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CEPT – The European Conference of Postal and Telecommunications Administrations

The CEPT (European Conference of Postal and Telecommunications Administrations) works in the postal sector, but above all in electronic communications through its "ECC" (Electronics Communications Committee). It draws up priorities and objectives which are common to its members throughout Europe, in particular concerning the use of the radiofrequency spectrum. It coordinates and defends, often successfully, the joint European proposals within the International Telecommunication Union (ITU), in unison with other similar regional organisations.

OFCOM and the CEPT

Switzerland takes an active part in the activities of the CEPT. It is represented by the national postal regulator PostReg in the committee dealing with postal matters, the CERP, and by OFCOM in the ECC (Electronic Communications Committee) and in its various working groups.

The ECC develops activities related to electronic communications. It contributes to forging a long-term vision of the regulatory future, taking into consideration the evolution of the technologies which are placed on the market. It seeks to harmonise the use of scarce resources (radiocommunications frequencies, orbital satellite positions and addressing resources) in Europe and to develop and defend the positions of the CEPT in international conferences such as the World Radiocommunication Conference of the ITU (International Telecommunication Union). These promote harmonisation and utilisation of frequencies in Europe and influence the national frequency allocation plans. This is why the CEPT and each of its members, including Switzerland, are particularly active in it, as well as in the World Telecommunications Development Conferences, also organised by the ITU.

Switzerland's participation in the CEPT and its committees is considerable, as this is where joint European positions are prepared, for example with regard to the ITU's Plenipotentiary Conference (PP). Preparation and coordination of the elections to the PP with a view to promote European candidates are tasks performed by the CEPT through its working group on ITU affairs (COM-ITU). Sweden chaired this group from 2007 to 2012. This "COM-ITU" is also responsible for preparing and coordinating the European position to be defended within the ITU and its PP.

Structure of the CEPT and ECC

The changes in telecommunications market and European Union made reform of the CEPT necessary in 2001 on legal, financial and structural aspects. This reform does not affect postal activities, but since then a single committee, the "ECC – Electronic Communications Committee", has been dealing with radiocommunications and telecommunications issues. This committee is based on a single bureau, the ECO (European Communications Office), which is the result of a merger of the former ETO (European Telecommunications Office) and the ERO (European Radiocommunications Office). Chairmanship of CEPT is ensured by the three chairs of the three committees (ECC, CERP and COM-ITU).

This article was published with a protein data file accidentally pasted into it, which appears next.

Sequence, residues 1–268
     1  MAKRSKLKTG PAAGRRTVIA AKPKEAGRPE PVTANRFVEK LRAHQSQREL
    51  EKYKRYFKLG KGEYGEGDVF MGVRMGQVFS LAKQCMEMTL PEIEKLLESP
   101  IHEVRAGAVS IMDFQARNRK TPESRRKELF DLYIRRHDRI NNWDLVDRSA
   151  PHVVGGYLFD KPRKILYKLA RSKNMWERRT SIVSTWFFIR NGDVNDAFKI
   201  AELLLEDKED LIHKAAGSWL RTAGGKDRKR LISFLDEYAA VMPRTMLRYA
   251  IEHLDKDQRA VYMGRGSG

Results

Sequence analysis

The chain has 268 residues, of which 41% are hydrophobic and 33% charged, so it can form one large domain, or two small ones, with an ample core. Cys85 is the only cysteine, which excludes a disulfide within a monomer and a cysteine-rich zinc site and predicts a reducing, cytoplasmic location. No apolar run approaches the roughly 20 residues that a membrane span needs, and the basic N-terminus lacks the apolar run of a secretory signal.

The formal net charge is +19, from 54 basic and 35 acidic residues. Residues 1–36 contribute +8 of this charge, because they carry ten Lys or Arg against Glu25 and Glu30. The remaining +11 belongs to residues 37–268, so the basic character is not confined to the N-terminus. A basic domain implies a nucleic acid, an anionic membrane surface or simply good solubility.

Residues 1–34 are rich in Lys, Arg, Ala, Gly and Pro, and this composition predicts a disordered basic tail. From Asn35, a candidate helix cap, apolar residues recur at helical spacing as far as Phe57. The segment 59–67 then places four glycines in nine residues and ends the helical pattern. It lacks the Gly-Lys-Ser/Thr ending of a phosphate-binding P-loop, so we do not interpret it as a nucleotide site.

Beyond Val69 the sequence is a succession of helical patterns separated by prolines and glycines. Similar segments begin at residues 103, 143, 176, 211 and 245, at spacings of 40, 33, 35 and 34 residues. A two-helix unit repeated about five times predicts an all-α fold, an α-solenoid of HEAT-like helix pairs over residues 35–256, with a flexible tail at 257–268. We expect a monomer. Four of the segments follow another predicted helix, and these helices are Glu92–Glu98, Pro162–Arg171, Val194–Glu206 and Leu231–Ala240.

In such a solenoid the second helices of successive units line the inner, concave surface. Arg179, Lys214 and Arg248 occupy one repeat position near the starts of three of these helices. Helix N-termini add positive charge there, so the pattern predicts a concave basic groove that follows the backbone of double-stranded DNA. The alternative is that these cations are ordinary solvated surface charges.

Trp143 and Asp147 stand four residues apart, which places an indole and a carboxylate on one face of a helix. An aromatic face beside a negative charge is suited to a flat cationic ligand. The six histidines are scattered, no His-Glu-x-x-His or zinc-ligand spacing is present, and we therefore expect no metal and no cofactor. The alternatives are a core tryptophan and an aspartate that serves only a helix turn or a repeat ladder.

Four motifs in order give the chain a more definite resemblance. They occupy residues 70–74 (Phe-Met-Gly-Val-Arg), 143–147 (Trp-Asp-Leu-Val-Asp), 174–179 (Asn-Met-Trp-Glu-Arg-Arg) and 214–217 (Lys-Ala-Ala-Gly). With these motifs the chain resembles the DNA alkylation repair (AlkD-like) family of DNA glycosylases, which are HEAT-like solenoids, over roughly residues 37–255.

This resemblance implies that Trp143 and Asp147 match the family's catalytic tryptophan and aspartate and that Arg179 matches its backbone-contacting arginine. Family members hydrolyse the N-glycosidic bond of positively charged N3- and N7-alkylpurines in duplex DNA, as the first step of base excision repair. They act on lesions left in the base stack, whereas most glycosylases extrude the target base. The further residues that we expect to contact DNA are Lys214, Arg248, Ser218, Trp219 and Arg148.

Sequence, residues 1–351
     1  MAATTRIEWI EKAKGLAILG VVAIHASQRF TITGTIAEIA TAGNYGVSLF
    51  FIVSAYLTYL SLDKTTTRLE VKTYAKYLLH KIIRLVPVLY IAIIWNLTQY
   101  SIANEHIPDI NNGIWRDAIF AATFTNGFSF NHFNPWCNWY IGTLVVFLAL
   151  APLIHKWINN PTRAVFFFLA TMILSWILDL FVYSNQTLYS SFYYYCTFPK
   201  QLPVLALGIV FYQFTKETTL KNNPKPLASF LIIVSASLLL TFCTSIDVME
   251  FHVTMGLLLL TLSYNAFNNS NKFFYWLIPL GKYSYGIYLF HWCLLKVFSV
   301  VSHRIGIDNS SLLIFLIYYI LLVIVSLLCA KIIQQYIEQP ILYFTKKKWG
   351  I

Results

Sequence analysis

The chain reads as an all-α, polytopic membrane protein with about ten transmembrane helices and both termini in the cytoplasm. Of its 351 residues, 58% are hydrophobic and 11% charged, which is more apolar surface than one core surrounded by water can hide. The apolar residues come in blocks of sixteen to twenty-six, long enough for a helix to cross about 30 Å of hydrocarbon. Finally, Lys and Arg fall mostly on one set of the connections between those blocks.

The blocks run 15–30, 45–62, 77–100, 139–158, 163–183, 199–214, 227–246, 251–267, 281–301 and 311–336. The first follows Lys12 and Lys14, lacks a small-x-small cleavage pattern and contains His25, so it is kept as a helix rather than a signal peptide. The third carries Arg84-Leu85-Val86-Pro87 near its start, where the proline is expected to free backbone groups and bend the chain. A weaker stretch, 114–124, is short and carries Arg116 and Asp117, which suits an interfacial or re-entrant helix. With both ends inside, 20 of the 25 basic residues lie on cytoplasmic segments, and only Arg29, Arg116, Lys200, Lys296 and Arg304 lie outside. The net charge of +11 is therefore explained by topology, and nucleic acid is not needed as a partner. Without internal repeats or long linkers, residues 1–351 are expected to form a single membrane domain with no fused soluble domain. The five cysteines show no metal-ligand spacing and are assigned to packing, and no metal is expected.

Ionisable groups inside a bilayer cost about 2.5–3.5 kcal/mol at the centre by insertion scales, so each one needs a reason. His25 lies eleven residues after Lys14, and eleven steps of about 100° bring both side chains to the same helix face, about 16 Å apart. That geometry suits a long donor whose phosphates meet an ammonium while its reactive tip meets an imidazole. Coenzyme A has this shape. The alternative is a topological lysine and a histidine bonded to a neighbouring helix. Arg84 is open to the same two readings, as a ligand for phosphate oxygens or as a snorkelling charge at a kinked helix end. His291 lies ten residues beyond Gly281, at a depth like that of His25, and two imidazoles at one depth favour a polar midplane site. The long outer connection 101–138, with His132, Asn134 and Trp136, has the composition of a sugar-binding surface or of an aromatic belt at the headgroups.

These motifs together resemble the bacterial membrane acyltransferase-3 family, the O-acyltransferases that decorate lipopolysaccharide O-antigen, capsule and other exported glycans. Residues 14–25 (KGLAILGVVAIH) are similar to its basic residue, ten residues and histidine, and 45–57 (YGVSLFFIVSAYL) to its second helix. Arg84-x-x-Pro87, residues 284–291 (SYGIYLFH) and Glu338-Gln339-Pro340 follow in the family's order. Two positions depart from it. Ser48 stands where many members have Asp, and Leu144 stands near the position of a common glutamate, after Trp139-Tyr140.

This reorganisation gave the opportunity to introduce a political agenda, enabling the CEPT to play a more active role as a planning and decision-making forum with regard to the ITU and, in particular, its plenipotentiary conference.

The CEPT has focused more on regulation and the definition of more political orientations. The new states of central and eastern Europe have joined, some of them before they joined the European Union. This expansion to the east confirms the pan-European vocation of the CEPT.

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Last updated on: 12.04.2011

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History of the CEPT

The CEPT – European Conference of Postal and Telecommunications Administrations – was established by the 1959 Montreux Agreement, in the spirit of the pan-European movement of the time. The 19 original members, including Switzerland, were monopolies in charge of post and telecommunications which have since been replaced by more independent administrations.

The CEPT is open to all European postal and telecommunications administrations in the member countries of the Universal Postal Union (UPU) or the International Telecommunication Union (ITU). At present, 48 European states are represented.

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